Box and Salesforce announced a new partnership Wednesday aimed at helping their joint customers get work done more efficiently by bringing documents from their cloud storage and content management solution into Salesforce.
Using a new connector that will launch in February, users will be able to share Box files inside Salesforce, both from the service's web interface and mobile applications. For example, when commenting on a sales opportunity, users will be able to browse the files that are available to them in Box, and attach them to a message.
It's designed to be useful for collaborating on things like sales slide decks and other materials, to make sure that people are always up to date with the content they need.
All of the sharing permissions are still managed by Box, so users will have to make sure that the people who they're sharing files with through Salesforce are authorized to view them in Box. However, once that's all set up, they should be good to share.
According to Salesforce Senior Vice President Mike Micucci, that decision was by design. Salesforce Files Connect, the underlying system behind the integration, is designed to keep the permissions for sharing and modifying files tied to the systems that it's integrated with, which also include Google Drive and Microsoft's OneDrive.
In addition to the file connection, Box also launched a set of tools that let Salesforce developers use its storage system as the file storage back end for their applications. The Box SDK for Salesforce will let developers either access users' existing Box files, or build an application using the Box Platform to use the content management company's content management capabilities to power an application without requiring that users have their own Box subscription.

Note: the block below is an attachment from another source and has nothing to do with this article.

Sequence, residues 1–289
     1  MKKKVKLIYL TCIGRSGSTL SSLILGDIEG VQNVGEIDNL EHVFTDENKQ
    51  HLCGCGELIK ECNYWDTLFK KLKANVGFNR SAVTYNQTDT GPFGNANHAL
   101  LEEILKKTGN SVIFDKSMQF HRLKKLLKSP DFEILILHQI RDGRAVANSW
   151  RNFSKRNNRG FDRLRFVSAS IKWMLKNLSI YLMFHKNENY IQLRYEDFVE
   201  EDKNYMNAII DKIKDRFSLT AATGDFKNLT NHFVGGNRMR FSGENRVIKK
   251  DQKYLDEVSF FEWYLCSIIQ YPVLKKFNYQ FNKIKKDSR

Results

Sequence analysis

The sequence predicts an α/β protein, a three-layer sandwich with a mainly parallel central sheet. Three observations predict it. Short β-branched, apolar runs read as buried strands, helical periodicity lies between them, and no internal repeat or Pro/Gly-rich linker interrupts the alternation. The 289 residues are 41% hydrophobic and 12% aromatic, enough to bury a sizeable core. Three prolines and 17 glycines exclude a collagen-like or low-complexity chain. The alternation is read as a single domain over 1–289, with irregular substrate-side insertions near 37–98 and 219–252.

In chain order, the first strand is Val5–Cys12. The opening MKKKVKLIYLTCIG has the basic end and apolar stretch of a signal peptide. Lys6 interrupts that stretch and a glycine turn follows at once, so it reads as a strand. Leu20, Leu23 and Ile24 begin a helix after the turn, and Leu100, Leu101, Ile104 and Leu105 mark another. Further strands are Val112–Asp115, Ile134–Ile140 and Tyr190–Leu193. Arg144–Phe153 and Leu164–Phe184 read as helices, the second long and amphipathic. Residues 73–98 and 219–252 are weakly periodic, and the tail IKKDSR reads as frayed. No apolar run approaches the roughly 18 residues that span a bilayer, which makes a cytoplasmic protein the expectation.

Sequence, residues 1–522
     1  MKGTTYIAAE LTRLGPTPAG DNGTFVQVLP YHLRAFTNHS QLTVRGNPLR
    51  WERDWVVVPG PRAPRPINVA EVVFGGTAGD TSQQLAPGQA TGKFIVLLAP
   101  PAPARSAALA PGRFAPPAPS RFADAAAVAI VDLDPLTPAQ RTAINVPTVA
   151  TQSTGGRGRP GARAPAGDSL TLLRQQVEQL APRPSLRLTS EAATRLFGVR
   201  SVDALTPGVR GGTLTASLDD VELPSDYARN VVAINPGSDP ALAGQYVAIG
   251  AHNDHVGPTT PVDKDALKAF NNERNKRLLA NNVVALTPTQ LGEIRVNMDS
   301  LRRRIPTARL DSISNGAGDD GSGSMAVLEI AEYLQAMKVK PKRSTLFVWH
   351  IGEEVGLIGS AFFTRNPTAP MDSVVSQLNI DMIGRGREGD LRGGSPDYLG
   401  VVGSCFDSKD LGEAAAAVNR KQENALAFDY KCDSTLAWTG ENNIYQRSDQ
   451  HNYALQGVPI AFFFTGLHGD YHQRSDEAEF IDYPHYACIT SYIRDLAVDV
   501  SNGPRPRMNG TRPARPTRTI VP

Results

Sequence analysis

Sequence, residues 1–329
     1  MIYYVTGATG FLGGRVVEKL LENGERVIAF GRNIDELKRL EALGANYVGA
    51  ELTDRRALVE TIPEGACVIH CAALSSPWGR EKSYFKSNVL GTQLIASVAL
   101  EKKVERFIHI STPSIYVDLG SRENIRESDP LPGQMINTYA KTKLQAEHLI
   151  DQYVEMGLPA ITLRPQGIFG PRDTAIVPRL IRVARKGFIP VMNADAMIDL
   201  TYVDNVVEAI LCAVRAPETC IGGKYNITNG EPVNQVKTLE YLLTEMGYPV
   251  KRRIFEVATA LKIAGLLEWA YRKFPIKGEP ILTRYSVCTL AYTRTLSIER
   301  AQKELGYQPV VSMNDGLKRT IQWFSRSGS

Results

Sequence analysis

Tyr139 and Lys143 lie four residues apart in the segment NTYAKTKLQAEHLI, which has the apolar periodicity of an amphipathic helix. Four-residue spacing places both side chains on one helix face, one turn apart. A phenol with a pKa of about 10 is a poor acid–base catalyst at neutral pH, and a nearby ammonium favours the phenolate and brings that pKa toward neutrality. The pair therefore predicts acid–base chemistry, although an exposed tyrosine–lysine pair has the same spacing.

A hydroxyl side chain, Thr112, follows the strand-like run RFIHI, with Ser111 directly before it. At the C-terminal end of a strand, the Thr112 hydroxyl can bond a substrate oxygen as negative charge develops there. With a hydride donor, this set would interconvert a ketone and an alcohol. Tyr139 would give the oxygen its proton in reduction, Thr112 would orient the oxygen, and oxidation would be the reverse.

That could be useful for companies that store key documents in Box and power a customer-facing web portal using Salesforce, or those firms that use Salesforce to power an intranet.
Box CEO Aaron Levie sees this as a sign of things to come in the enterprise software space. Rather than keep business data in different silos, he sees a massive opportunity for different cloud service providers to link their systems together. It's still early for that yet, but he sees a bright future in a few years.
"But I’m pretty confident that if you roll out two to three years from now, you’re going to be able to have these native, instant integrations between any of [the] best of breed platforms that you’re using," Levie said.
Establishing those links would be useful for Box, since making it easier to use files stored in the service will make people more likely to keep using Box. Looking forward, Levie said that users can expect to see even tighter collaboration between Salesforce and his company to make using the two products together even better.
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